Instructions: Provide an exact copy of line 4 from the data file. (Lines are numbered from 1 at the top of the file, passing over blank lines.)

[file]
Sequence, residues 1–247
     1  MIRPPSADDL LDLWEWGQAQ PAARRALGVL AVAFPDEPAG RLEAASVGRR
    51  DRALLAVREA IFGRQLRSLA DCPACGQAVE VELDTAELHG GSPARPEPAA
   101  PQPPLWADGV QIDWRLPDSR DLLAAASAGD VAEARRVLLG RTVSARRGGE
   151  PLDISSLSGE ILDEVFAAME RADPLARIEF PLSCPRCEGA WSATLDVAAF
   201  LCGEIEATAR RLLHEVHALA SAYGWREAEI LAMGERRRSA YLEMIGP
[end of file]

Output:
   101  PQPPLWADGV QIDWRLPDSR DLLAAASAGD VAEARRVLLG RTVSARRGGE